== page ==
Beach has trust with partners Davis, Norell

Taylor Davis, left, and Ryley Beach, right, pose with their world champion saddles after winning the dally ribbon roping at the Junior Little Britches Rodeo.



Ryley Beach, left, and Jace Norell, right, smile with their world champion saddles and a rodeo princess after winning the team roping competition at the Junior Little Britches World Championship Rodeo in Pueblo in July.



In the sport of rodeo, roping is a precise event.

Ryley Beach is very good, to be precise.

Ryley and his two roping partners are Junior Little Britches Rodeo World Champions.

Ryley, a 14-year-old from Loma, won titles in junior team roping and junior dally ribbon roping.

Jace Norell of Delta partnered with Ryley in team roping, and Taylor Davis from Rifle was Ryley’s teammate in dally ribbon roping.

“I was excited,” Ryley said about winning national titles. “All the hard work paid off.”

RELATED STORY: Ryley Beach was born to be a team roper

For Ryley and 14-year-old Jace, it was a quick trip from new partners to world champs. The two were in need of roping partners early in the summer, so they joined forces. But it took a little while for them to jell.

“We roped at a couple of rodeos, but we didn’t rope the best,” Jace said. “Then I went to his place, and we practiced a whole lot.”

The two started roping about six weeks before the finals, held in Pueblo on July 26-28.

They were friends, but they never roped together until this summer.

“We’ve been doing junior rodeos together pretty much our whole lives,” Ryley said.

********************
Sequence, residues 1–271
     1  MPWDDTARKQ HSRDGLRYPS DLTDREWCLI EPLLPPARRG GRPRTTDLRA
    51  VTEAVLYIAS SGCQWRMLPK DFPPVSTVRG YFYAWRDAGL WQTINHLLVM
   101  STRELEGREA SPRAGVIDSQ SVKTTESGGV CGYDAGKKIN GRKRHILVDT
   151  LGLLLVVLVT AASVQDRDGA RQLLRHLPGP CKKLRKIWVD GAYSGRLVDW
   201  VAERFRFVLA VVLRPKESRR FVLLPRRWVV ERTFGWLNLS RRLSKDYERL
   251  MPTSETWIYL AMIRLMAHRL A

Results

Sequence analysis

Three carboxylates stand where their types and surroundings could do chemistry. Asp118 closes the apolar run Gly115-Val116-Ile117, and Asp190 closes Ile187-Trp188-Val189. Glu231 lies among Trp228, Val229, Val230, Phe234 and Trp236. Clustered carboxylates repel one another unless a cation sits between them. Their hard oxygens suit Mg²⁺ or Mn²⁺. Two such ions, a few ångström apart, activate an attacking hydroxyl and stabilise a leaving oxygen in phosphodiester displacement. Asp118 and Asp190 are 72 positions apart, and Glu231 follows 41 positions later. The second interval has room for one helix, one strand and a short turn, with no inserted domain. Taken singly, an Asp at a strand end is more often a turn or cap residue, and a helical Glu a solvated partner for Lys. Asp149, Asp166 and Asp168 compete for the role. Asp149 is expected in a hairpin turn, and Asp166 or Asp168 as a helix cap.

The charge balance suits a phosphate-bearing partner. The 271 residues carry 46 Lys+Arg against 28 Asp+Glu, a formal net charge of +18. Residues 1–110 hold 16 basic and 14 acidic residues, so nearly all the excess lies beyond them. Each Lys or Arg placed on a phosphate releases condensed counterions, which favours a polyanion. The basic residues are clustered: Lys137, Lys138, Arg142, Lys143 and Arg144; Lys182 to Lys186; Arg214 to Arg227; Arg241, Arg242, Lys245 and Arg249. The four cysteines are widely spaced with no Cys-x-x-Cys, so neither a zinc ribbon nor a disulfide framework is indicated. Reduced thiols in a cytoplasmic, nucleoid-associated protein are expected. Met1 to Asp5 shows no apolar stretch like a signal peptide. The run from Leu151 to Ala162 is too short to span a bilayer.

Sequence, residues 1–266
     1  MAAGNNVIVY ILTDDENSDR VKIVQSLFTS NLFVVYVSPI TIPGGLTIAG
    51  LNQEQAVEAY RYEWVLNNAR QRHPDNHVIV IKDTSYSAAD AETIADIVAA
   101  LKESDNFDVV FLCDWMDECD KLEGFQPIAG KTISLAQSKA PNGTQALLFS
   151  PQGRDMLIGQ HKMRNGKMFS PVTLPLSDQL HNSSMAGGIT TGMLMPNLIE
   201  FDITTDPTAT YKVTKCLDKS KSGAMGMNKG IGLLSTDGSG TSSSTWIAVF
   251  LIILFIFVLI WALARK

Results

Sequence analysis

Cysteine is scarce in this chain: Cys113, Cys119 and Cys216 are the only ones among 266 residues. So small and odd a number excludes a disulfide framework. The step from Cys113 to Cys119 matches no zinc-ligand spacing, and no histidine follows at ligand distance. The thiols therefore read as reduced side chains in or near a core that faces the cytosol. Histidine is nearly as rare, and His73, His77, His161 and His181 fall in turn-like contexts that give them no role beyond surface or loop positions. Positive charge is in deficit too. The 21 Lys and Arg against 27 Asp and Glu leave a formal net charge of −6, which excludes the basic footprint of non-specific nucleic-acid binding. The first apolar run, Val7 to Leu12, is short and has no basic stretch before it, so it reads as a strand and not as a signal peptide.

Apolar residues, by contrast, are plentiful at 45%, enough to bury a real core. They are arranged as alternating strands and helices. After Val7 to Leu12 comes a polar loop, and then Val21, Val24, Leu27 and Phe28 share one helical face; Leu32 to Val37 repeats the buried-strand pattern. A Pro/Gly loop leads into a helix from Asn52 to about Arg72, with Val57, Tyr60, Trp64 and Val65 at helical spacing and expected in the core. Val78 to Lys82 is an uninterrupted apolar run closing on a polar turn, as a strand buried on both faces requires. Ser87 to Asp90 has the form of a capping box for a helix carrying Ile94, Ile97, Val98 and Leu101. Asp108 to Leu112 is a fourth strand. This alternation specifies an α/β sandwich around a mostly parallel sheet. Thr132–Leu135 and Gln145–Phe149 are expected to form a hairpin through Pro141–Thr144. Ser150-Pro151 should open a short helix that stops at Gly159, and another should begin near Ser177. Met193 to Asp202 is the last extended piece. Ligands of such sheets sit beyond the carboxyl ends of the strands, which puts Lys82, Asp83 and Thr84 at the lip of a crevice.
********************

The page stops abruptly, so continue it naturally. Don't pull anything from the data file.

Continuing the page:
Team roping is the ultimate team event in rodeo, with both ropers needing to be at the top of their game to bring home the hardware.

Ryley is the “header” in the event, meaning he ropes the head of the steer and turns it left waiting for Jace, the “heeler,” to rope the hind legs.

Ryley said it’s both a mental and physical challenge.

“Keeping the mental aspect and concentrating on what you have to do (is difficult),” he said. “You have to make sure you don’t get distracted.

“I was pretty nervous before the finals.”

Trust is a big part of team roping.

“It’s a team event, so you have to work with your partner and trust your partner,” Ryley said.

Jace agreed, saying that having trust in his partner makes it easier.

“It helps your confidence a lot,” he said.

The title was earned through an accumulation of points throughout the season.

Ryley and Jace were good and consistent through the season, then they wrapped up the title at the finals, taking second in first round, then winning the second and short rounds.

In the dally ribbon roping event, Ryley and 12-year-old Taylor became new partners this summer as well. The event combines riding, roping and running.

Ryley was the rider and roper, and after he lassoes the calf, Taylor runs up and grabs the ribbon, which is attached to the tail of the calf, then she runs to the finish line to stop the clock.

“We were a pretty good team right off the bat,” Ryley said.

Both were looking for partners at a rodeo in Rifle early in the summer. Shortly after becoming partners, Taylor broke her arm and couldn’t compete for the entire month of June.

“Ryley said once my arm healed that we would be partners again,” Taylor said.

Ryley said he never considered looking for another partner for the finals.

“Loyalty is huge in rodeo,” he said.

Ryley and Taylor accumulated enough points before the finals to have a shot at the title in Pueblo.

After taking third in the first round and first in the second round, they knew they had the title secured.

Ryley and Jace will be moving out of the junior Little Britches level now that they are going into high school.

Taylor will continue competing in the junior Little Britches where she competes in most of the events. She’s now working to improve her roping, so she can move into team roping in the future.


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